. . .and they were all filled with the Holy spirit!

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The colour red is very much in evidence in our church today! There are red vestments and some beautiful floral arrangements in red. We’re celebrating that wonderful occasion when the Holy Spirit crashed into an ‘upper’ room full of timid and frightened people – supposedly followers of Jesus – and strange things began to happen!  There was wind and there was fire and there were people now suddenly transformed, speaking together in a jumble of different languages!

Only a few days ago, the bishop came to our parish, to confirm all those young people from teen-age to mid-twenties, who had prepared themselves for this day  and wanted to be confirmed. At the end of the service, as the bishop anointed each one of our 29 young confirmandi, he surprised them by giving to each one, a noticeable push as he invited them to go out into the world to live the life of the spirit and spread the gospel! And the people, who filled the church to overflowing, clapped joyfully and spontaneously for our young people who had been newly blessed by the Spirit of God!

And now I’m reminded of what happened here in this very place, just forty days ago. As leader of the RCIA team in the parish, I had the happiness of seeing the five people whom we had accompanied on their journey of faith through the year, being received into the church in front of all the people during the Holy Saturday liturgy.  Where there had been Anglicans and Jehovah’s Witnesses and a Buddhist, there were now five new Catholics. As soon as they had they received the gift of the Holy Spirit, through baptism and/or confirmation, the whole congregation clapped enthusiastically, to show the warmth of their welcome and their joy that five people had been guided by the Spirit to join our community!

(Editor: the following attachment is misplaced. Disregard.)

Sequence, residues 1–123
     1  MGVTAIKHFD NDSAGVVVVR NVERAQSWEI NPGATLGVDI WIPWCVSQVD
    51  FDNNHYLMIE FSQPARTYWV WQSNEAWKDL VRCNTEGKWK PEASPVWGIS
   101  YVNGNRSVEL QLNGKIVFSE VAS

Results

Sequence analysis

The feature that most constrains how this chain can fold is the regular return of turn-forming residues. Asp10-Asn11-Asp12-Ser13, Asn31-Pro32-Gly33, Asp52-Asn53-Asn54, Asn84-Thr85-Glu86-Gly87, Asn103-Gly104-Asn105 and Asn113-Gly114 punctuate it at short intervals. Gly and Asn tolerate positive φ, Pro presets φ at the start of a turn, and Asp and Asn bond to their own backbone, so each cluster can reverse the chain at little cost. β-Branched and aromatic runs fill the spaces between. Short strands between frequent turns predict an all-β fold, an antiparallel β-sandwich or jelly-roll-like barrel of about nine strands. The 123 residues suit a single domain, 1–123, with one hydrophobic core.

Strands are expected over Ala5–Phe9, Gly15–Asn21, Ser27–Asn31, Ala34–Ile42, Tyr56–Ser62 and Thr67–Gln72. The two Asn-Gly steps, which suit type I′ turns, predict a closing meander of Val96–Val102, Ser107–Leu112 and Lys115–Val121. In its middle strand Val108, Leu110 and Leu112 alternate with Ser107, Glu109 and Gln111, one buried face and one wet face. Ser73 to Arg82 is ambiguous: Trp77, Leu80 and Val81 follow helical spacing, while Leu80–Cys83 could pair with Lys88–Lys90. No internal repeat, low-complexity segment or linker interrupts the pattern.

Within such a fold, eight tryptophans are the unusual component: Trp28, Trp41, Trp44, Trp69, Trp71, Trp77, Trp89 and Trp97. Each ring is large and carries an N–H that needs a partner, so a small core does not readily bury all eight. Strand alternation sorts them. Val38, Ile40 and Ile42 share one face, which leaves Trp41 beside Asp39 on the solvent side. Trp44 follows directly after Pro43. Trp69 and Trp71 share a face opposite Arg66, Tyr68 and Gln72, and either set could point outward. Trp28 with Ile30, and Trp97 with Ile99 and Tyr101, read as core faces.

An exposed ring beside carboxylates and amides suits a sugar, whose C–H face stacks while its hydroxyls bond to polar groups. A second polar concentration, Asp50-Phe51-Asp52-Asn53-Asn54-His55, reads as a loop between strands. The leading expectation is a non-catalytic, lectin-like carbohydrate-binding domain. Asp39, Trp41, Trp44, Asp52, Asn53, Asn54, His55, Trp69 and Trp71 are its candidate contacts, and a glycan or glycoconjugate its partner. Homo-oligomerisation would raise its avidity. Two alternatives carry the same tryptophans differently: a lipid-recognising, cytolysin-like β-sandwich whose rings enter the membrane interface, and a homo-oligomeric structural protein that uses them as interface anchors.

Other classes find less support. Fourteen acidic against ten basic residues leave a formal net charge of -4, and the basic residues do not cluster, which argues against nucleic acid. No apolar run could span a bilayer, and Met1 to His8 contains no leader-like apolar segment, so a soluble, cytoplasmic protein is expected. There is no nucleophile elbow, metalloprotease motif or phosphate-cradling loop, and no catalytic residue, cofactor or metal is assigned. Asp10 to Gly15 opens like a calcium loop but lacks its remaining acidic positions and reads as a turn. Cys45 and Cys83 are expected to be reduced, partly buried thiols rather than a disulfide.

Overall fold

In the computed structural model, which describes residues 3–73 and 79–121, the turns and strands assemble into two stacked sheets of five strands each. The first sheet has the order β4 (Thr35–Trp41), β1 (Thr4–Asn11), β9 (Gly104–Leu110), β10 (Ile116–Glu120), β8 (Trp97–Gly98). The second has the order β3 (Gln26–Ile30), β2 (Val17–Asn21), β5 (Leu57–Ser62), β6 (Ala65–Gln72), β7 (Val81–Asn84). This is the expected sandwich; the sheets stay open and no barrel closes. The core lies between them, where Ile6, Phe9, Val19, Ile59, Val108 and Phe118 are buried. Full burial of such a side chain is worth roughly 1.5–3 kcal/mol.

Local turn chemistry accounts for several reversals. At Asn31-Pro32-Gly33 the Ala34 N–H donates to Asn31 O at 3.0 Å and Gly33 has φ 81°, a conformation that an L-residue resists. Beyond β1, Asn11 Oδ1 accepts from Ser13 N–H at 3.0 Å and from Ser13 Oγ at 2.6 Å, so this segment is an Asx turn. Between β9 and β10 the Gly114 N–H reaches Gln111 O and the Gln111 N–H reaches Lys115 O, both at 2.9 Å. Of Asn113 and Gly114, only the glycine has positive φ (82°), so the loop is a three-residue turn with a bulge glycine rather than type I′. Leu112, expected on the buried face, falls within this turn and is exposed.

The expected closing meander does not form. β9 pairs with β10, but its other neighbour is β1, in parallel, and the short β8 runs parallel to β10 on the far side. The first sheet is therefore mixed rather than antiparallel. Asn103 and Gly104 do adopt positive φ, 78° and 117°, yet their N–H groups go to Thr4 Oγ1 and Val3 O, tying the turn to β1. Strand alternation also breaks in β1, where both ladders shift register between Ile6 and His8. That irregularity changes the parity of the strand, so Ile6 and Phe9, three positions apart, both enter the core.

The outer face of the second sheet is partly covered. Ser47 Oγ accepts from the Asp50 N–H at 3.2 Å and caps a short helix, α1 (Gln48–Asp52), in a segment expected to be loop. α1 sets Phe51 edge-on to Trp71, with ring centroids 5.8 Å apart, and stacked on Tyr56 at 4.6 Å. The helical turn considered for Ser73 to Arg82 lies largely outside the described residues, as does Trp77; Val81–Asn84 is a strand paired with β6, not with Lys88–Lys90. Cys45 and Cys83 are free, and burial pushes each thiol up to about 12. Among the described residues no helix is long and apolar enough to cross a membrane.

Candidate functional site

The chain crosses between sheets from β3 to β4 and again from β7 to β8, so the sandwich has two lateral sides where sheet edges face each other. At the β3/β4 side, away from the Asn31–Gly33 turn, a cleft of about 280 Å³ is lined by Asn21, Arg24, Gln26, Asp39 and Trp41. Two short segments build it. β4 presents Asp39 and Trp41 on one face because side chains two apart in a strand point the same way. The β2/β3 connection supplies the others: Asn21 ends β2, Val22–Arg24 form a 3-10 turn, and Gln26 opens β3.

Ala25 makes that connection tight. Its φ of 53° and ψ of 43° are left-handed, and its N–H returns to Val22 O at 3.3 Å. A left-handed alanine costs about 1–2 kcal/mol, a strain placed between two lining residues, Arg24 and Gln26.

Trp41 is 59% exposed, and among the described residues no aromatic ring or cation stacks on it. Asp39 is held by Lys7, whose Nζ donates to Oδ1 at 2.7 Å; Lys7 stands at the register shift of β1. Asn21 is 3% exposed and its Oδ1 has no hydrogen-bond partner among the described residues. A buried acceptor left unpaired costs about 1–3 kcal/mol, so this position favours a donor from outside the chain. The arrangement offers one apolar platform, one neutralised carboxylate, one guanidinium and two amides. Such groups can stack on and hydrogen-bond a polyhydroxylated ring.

And then, last week – sometimes good things seem to come in threes! – one of our RCIA team members brought along her eight- month old daughter G for baptism.  Baby G was very cool! Surrounded, by a large number of family and friends, she took everything in her stride. There was no crying. Not even when the water was poured!  Afterwards, at the celebration meal in our church hall, she took pride of place. We congratulated her parents who had brought her thus far, we chatted and laughed, we ‘toasted’ her with a glasses of ‘bubbly’ and we clapped our hands again for joy that a new life had been born in the Holy Spirit!

Now, back in that Upper room all those years ago, what did those early disciples they do when the Spirit came? When they heard that powerful and noisy wind, when they saw those tongues of fire descending on them, what did they do?  Did they sing and dance for joy when these things happened?  And did they hug each other?  Did they clap their hands for joy?  I think they must have done all of these things.  Otherwise, how do you explain all that excitement and all that chattering in different languages?

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